Myanmar Military’s Proxy Party Prepares for Junta’s Planned Election
By The Irrawaddy 13 May 2022
The Myanmar military’s proxy Union Solidarity and Development Party (USDP) held its central executive committee meeting at its headquarters in the capital Naypyitaw on Monday and Tuesday this week, but did not issue a press release about the gathering.
The meeting was preparation for the party’s June conference, when a new party leadership will be elected for the next five years, USDP spokesperson U Nanda Hla Myint told the BBC in an exclusive interview. The new five-year term will cover the post-election period of the regime’s planned poll and that of the new administration that will take power after it.
Junta chief Senior General Min Aung Hlaing is planning to hold a general election next year, after cancelling the results of the 2020 poll which the National League for Democracy (NLD) won in a landslide. It is highly likely that the NLD will be excluded from the 2023 election, should it happen as planned. With Min Aung Hlaing eyeing the presidency, a position he has long coveted, USDP leaders might also be dreaming about being appointed to other top political positions such as the vice-presidency, parliamentary speaker and Union ministers.
Will the USDP’s new leadership be as much of a surprise as it was in 2016?
The USDP has publicly supported last year’s coup. Party chairman U Than Htay said that over 1,500 party members and supporters have been killed by anti-regime forces since the military takeover, which means that three to four USDP members and supporters have died daily since the coup.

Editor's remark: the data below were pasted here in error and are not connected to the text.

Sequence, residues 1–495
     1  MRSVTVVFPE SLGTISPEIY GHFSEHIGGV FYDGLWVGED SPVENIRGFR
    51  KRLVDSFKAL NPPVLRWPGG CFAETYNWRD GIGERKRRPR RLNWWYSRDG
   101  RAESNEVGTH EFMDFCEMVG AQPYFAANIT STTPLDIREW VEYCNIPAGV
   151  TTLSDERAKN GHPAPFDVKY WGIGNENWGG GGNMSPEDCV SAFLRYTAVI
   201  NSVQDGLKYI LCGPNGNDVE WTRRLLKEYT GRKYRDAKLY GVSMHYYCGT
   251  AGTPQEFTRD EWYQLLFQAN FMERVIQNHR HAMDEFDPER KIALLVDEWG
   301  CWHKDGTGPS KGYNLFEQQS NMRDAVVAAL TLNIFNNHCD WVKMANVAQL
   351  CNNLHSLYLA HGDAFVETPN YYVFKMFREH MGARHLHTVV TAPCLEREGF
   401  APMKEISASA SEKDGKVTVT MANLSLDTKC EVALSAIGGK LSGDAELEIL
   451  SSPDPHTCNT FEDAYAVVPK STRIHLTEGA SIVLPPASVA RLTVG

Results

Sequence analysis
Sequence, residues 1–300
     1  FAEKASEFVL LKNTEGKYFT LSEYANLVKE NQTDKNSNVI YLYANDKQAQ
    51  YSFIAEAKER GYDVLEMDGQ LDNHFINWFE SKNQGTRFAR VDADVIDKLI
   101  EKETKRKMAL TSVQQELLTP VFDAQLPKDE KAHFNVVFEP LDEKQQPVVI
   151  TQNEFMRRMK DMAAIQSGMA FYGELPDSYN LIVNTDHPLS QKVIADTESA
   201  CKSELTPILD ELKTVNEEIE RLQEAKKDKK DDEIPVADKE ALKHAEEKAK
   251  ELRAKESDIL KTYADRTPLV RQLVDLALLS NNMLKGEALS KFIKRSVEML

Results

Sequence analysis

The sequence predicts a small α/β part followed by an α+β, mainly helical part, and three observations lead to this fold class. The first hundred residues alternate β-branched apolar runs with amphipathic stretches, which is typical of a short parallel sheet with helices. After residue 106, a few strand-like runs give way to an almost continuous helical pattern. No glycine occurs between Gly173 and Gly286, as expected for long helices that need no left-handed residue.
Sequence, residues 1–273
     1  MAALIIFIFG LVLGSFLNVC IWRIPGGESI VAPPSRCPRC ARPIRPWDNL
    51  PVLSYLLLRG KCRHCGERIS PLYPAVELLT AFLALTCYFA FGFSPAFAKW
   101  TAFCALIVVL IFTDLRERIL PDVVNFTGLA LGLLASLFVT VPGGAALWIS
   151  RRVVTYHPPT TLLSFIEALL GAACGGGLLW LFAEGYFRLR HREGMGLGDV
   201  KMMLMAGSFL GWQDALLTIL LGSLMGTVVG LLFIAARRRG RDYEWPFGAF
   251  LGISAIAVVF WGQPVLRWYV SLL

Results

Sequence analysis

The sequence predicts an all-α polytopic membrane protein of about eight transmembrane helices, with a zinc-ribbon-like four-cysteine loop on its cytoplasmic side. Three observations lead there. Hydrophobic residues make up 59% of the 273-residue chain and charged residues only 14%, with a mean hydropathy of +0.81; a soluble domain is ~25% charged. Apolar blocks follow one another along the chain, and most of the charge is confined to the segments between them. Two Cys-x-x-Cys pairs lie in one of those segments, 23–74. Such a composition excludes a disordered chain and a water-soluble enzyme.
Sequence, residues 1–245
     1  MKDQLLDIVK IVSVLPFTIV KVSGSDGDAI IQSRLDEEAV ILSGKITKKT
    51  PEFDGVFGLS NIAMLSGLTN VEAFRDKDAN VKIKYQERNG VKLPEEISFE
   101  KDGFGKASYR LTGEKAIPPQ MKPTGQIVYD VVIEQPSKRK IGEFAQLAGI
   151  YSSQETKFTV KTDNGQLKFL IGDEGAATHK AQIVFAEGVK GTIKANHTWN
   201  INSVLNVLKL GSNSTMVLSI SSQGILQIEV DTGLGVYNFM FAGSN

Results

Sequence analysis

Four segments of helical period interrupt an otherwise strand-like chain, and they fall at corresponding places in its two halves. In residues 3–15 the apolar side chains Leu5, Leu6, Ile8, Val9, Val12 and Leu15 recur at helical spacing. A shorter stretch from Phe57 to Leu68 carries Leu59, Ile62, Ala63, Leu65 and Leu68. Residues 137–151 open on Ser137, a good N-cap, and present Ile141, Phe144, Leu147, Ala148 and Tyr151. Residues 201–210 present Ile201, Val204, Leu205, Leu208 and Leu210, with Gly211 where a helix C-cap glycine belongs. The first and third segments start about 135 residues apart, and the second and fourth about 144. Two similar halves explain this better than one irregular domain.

USDP members from across the country are now sheltering at the party headquarters in Naypyitaw, and the regime has also provided security for them.
Before the Thingyan Water Festival which marks Myanmar’s New Year in April, the party erected an obelisk in memory of those killed.
The new leadership for next five years will be elected in a building near the obelisk. In 2016, following the USDP’s resounding defeat to the NLD in the 2015 general election, U Than Htay replaced former President U Thein Sein as USDP chief. That was an entirely unexpected move and observers are waiting to see if there will be similarly unexpected promotions this time around.
Than Shwe’s man has an uncertain future
U Than Htay previously served as a Brigadier General in the military and was Minister for Energy and Minister for Rail Transportation in U Thein Sein’s quasi-civilian government.
He was selected as USDP chief over more senior army figures, even after he lost his parliamentary seat representing his home township of Myanaung in Ayeyarwady Region in the 2015 general election.
But he did do something special for former military dictator Senior General Than Shwe. He told him about how the grandsons of late military dictator Ne Win were planning to stage a coup.
That earned U Than Htay the gratitude of Than Shwe. It is an open secret in the USDP that Than Shwe was behind U Than Htay’s sudden rise to prominence, despite his relatively low military rank and lack of leadership skills.
In an exclusive interview with the BBC published on May 11, U Than Htay admitted that he had met both Than Shwe and U Thein Sein after the 2021 coup.